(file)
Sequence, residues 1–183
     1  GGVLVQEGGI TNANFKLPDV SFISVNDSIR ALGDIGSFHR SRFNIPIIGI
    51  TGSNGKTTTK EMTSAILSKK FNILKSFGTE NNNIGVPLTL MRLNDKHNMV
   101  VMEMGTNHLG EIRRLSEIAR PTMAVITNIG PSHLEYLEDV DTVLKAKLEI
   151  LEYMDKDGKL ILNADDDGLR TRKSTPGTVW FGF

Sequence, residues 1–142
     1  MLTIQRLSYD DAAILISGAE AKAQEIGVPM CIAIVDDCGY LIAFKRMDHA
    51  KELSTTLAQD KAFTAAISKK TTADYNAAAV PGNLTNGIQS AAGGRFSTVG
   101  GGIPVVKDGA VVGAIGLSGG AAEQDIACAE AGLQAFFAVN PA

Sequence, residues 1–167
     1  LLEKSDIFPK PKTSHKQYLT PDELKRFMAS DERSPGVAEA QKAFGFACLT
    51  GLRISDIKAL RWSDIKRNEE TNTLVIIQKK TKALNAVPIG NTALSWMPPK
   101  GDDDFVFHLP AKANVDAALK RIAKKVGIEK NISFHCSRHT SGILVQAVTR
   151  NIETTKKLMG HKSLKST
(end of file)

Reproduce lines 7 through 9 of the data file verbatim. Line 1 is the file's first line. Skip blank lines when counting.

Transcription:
     1  MLTIQRLSYD DAAILISGAE AKAQEIGVPM CIAIVDDCGY LIAFKRMDHA
    51  KELSTTLAQD KAFTAAISKK TTADYNAAAV PGNLTNGIQS AAGGRFSTVG
   101  GGIPVVKDGA VVGAIGLSGG AAEQDIACAE AGLQAFFAVN PA